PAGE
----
Columbus and the Catholic monarchs: AD 1492

In Santa Fe, a royal encampment from which the siege of Granada is conducted, the Spanish monarchs Ferdinand and isabella debate whether to accept a proposal put to them by a visionary explorer, Christopher Columbus.

For eight years Columbus has been pestering European courts, particularly those of Portugal and Spain, to sponsor him in an undertaking which obsesses him. The Portuguese explorers have had notable success in their attempts to sail east round Africa towards India and China, but Columbus has become convinced that he can achieve the same more easily by sailing west.

It has long been the accepted view, deriving from Ptolemy, that nothing but sea separates Europe from India and China round the back of a spherical world. During the 15th century the notion has developed that the unseen distance by sea is much less than the known distance between Europe and China by land.

Columbus believes that he has found mathematical proof of this in an apocryphal text of the Old Testament where the prophet Esdras states that the earth is six parts land to one part sea. Columbus argues, first to the king of Portugal in 1484 and then to the Spanish monarchs, that India is therefore within reach of a Caravel sailing west from the Canaries.

The Portuguese court rejects his argument. The Spanish monarchs delay for years while a commission investigates his claims. Finally, in the camp near Granada, they accept his somewhat exorbitant terms regarding the honours which will be heaped upon him if he reaches India or China, and his share of whatever is found.

Once agreement is reached, after so many years, Columbus moves fast. With his partners (brothers from a Spanish ship-owning family named Pinzón) he prepares vessels for the great adventure.

Santa Maria Pinta and Niña: AD 1492-1493

On 3 August 1492 a little fleet of three vessels sets sail from the small Spanish harbour of Palos. Columbus is in command of the largest, the Santa Maria; the captains of the other two, the Pinta and the NiÑa, are the brothers Martin Alonso and Vicente Yañez Pinzón.

Three weeks are spent loading stores in the Canaries until, on September 6, the three ships sail west into the unknown. During the next month there are several sightings of coastlines which turn out to be illusions. At last, on October 12, a look-out on the Pinta spies real land.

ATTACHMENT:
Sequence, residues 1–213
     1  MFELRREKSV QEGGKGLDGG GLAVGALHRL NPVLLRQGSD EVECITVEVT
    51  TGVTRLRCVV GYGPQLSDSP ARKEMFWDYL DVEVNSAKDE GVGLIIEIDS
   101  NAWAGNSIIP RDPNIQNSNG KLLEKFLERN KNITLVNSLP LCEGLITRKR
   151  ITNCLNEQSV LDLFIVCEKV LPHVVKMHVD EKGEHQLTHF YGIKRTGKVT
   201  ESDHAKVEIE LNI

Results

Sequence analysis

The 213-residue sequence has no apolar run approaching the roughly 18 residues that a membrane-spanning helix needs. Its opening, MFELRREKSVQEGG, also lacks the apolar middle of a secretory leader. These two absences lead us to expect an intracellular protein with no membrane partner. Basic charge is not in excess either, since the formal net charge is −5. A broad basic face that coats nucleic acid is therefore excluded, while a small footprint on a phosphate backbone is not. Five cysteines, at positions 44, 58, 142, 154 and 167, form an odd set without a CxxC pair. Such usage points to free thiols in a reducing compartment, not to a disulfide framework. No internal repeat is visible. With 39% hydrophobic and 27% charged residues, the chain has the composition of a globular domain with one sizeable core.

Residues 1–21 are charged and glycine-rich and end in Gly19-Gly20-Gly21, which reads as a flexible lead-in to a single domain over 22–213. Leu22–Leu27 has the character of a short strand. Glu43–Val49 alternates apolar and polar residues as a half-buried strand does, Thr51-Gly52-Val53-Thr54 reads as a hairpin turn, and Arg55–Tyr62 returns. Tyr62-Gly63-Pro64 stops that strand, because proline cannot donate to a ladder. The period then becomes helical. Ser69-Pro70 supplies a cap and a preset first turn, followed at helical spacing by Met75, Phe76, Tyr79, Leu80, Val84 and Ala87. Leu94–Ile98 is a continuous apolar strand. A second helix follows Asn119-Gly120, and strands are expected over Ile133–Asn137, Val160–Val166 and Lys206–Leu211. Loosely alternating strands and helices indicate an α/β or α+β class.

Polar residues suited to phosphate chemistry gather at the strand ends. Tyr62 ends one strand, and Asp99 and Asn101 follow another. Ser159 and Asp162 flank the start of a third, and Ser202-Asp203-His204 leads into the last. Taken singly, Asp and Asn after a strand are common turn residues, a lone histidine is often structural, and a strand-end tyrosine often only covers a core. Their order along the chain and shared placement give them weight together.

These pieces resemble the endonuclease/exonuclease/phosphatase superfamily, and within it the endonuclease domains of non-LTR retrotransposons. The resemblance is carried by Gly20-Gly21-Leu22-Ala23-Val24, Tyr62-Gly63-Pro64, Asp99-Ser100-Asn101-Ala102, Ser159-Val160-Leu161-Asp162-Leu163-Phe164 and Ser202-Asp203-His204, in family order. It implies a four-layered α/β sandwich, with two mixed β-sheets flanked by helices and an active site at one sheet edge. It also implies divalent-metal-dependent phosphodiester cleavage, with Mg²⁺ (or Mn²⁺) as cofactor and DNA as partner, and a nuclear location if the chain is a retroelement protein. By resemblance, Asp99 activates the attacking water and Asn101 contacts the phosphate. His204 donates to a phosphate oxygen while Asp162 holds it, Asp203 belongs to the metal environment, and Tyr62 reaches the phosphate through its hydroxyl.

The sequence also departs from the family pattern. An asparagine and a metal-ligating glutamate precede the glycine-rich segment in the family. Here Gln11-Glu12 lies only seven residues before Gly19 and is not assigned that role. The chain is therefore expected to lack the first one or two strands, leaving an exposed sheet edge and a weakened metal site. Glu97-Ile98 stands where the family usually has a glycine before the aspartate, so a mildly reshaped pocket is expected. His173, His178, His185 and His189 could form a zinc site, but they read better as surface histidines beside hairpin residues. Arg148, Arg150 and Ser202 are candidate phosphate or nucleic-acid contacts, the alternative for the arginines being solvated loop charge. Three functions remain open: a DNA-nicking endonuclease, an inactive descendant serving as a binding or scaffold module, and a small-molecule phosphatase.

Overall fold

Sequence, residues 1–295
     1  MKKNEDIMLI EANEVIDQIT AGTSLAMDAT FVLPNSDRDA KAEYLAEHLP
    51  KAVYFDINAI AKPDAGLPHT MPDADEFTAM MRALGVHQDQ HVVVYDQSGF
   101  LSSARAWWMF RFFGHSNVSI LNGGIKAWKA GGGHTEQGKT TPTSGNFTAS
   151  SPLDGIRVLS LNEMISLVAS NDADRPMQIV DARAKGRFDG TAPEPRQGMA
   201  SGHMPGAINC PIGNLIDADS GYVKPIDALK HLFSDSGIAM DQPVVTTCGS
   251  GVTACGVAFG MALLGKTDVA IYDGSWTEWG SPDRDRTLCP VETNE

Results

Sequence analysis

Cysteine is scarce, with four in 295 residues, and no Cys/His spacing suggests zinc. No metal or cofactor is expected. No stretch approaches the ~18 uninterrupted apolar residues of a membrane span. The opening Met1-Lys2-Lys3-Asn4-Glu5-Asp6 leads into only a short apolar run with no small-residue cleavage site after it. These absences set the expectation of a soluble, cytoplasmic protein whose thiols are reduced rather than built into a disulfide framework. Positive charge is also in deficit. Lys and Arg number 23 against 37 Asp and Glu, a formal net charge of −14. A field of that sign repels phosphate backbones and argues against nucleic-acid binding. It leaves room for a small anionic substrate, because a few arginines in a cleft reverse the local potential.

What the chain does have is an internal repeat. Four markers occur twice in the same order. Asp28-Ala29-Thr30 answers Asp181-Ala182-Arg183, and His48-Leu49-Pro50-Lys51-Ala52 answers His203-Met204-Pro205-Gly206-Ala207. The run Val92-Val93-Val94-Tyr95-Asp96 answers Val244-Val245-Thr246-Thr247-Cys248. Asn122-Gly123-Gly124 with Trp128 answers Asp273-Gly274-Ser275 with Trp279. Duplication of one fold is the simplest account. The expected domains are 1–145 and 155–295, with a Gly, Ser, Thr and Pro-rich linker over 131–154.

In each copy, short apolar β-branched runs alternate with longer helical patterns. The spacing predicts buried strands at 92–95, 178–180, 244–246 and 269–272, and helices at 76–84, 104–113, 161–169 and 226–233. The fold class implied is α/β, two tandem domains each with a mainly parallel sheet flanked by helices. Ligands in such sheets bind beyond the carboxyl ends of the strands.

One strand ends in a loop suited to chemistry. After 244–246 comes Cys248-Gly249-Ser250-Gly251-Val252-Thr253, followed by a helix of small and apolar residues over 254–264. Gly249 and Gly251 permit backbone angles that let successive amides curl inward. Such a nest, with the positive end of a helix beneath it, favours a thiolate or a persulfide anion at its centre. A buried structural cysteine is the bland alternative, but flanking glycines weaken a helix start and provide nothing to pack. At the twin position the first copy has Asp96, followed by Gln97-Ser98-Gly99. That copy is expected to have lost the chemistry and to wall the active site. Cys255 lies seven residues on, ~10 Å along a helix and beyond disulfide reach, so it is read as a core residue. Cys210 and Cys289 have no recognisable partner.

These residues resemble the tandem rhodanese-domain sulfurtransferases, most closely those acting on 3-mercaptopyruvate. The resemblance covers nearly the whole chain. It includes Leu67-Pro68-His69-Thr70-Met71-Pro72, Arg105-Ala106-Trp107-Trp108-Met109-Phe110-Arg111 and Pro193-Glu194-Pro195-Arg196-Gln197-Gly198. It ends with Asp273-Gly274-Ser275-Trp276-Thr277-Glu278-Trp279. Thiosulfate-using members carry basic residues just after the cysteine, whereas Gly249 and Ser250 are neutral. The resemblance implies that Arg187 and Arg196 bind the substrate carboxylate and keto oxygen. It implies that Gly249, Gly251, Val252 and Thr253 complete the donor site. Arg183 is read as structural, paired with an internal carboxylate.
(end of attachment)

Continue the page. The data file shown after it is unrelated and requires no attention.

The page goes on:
16th century

San Salvador Cuba and Hispaniola: AD 1492-1493

Columbus and the Pinzón brothers step ashore on 12 October 1492 on an island in the Bahamas. They plant in the ground the royal banner of Spain, claiming the place for Ferdinand and Isabella. They name it San Salvador, after Jesus the Saviour. (It is not known which island they landed on, though one in the Bahamas now bears the name San Salvador.)

These are not the First europeans to reach the American continent, but they are the first to record their achievement. Columbus believes that he has reached the East Indies. Greeted by friendly inhabitants of San Salvador, he therefore describes them as Indians - an inaccurate name which has remained attached to the aboriginal peoples of the whole American continent. By the same token this region becomes known to Europe as the West Indies.

A few days later the explorers sail on. They pass many more islands, giving each a new Spanish name, until they reach during November the most important landfall of their expedition - the large island of Cuba, which Columbus convinces himself to be Cipango. This is a place of marvels described by Marco polo at the eastern extremity of Asia, usually now assumed to be Japan.

Beyond Cuba the next significant landfall is another large island which Columbus names after Spain itself - Española, or Hispaniola. On its shores the Santa Maria runs aground and is wrecked. Columbus decides to leave here a small colony of some forty men, with food and ammunition for a year, while he sails back to Spain with news of his achievement.

Returning with Vicente Yañez Pinzón in the Niña, Columbus reaches Palos on March 15 (amazingly the Pinta arrives in Palos later on that same day, after losing contact with the Niña a month earlier in an Atlantic storm). Columbus makes his way to the court of Ferdinand and isabella in Barcelona, where he is received with every honour. He presents the monarchs with a few captured natives of the Bahamas and some gold treasure.

This is the high point of Columbus's career. Three more voyages to America lie ahead of him, and great achievements. But from now on misfortune, often deriving from his own inadequacy as a colonial administrator, increasingly blights his endeavours.

The explorer departs on his fourth and final voyage in May 1502. It is an almost unmitigated disaster, of storms, mutinies, rotting ships’ timbers. But somehow he limps home, yet again, to reach Spain in November 1504. Since 1492 he has spent half his time in the transatlantic places he so passionately believed in long before he found his way to them.